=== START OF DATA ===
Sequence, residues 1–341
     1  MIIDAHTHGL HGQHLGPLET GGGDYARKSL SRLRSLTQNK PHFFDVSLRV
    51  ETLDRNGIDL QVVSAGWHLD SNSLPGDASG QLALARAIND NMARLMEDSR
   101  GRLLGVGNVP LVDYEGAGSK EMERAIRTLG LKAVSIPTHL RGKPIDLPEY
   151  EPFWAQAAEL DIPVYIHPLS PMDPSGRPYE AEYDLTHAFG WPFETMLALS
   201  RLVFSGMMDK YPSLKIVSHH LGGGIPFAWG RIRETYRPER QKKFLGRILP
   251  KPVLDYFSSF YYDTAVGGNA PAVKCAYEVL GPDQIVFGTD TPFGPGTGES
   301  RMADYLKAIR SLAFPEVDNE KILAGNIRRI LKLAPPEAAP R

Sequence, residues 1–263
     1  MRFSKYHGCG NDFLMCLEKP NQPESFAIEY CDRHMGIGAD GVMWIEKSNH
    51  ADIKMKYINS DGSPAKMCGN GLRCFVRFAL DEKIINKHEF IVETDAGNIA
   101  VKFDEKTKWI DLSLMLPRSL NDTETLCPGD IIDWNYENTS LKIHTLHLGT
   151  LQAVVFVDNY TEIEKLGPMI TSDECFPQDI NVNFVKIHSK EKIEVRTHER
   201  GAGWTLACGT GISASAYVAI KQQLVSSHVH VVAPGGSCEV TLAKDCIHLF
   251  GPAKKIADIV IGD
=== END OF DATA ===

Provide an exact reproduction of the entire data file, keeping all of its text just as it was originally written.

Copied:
Sequence, residues 1–341
     1  MIIDAHTHGL HGQHLGPLET GGGDYARKSL SRLRSLTQNK PHFFDVSLRV
    51  ETLDRNGIDL QVVSAGWHLD SNSLPGDASG QLALARAIND NMARLMEDSR
   101  GRLLGVGNVP LVDYEGAGSK EMERAIRTLG LKAVSIPTHL RGKPIDLPEY
   151  EPFWAQAAEL DIPVYIHPLS PMDPSGRPYE AEYDLTHAFG WPFETMLALS
   201  RLVFSGMMDK YPSLKIVSHH LGGGIPFAWG RIRETYRPER QKKFLGRILP
   251  KPVLDYFSSF YYDTAVGGNA PAVKCAYEVL GPDQIVFGTD TPFGPGTGES
   301  RMADYLKAIR SLAFPEVDNE KILAGNIRRI LKLAPPEAAP R

Sequence, residues 1–263
     1  MRFSKYHGCG NDFLMCLEKP NQPESFAIEY CDRHMGIGAD GVMWIEKSNH
    51  ADIKMKYINS DGSPAKMCGN GLRCFVRFAL DEKIINKHEF IVETDAGNIA
   101  VKFDEKTKWI DLSLMLPRSL NDTETLCPGD IIDWNYENTS LKIHTLHLGT
   151  LQAVVFVDNY TEIEKLGPMI TSDECFPQDI NVNFVKIHSK EKIEVRTHER
   201  GAGWTLACGT GISASAYVAI KQQLVSSHVH VVAPGGSCEV TLAKDCIHLF
   251  GPAKKIADIV IGD